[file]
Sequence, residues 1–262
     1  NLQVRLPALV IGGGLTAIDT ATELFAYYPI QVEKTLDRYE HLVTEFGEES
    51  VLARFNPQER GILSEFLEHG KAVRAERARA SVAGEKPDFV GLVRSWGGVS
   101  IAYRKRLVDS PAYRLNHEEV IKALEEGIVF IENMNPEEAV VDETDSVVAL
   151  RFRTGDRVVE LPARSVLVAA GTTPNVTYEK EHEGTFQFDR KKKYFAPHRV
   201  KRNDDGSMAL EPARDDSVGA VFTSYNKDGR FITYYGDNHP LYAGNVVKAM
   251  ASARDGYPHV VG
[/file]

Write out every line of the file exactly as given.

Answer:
Sequence, residues 1–262
     1  NLQVRLPALV IGGGLTAIDT ATELFAYYPI QVEKTLDRYE HLVTEFGEES
    51  VLARFNPQER GILSEFLEHG KAVRAERARA SVAGEKPDFV GLVRSWGGVS
   101  IAYRKRLVDS PAYRLNHEEV IKALEEGIVF IENMNPEEAV VDETDSVVAL
   151  RFRTGDRVVE LPARSVLVAA GTTPNVTYEK EHEGTFQFDR KKKYFAPHRV
   201  KRNDDGSMAL EPARDDSVGA VFTSYNKDGR FITYYGDNHP LYAGNVVKAM
   251  ASARDGYPHV VG